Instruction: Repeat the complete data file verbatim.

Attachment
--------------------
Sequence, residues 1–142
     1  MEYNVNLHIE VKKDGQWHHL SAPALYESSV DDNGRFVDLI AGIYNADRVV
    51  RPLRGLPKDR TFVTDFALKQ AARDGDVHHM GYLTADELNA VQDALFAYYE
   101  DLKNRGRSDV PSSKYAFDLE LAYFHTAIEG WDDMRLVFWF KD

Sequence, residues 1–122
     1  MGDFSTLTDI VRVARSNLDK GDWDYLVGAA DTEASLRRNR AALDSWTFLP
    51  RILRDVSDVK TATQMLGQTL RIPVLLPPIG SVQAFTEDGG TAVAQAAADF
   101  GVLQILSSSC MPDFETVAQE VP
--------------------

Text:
Sequence, residues 1–142
     1  MEYNVNLHIE VKKDGQWHHL SAPALYESSV DDNGRFVDLI AGIYNADRVV
    51  RPLRGLPKDR TFVTDFALKQ AARDGDVHHM GYLTADELNA VQDALFAYYE
   101  DLKNRGRSDV PSSKYAFDLE LAYFHTAIEG WDDMRLVFWF KD

Sequence, residues 1–122
     1  MGDFSTLTDI VRVARSNLDK GDWDYLVGAA DTEASLRRNR AALDSWTFLP
    51  RILRDVSDVK TATQMLGQTL RIPVLLPPIG SVQAFTEDGG TAVAQAAADF
   101  GVLQILSSSC MPDFETVAQE VP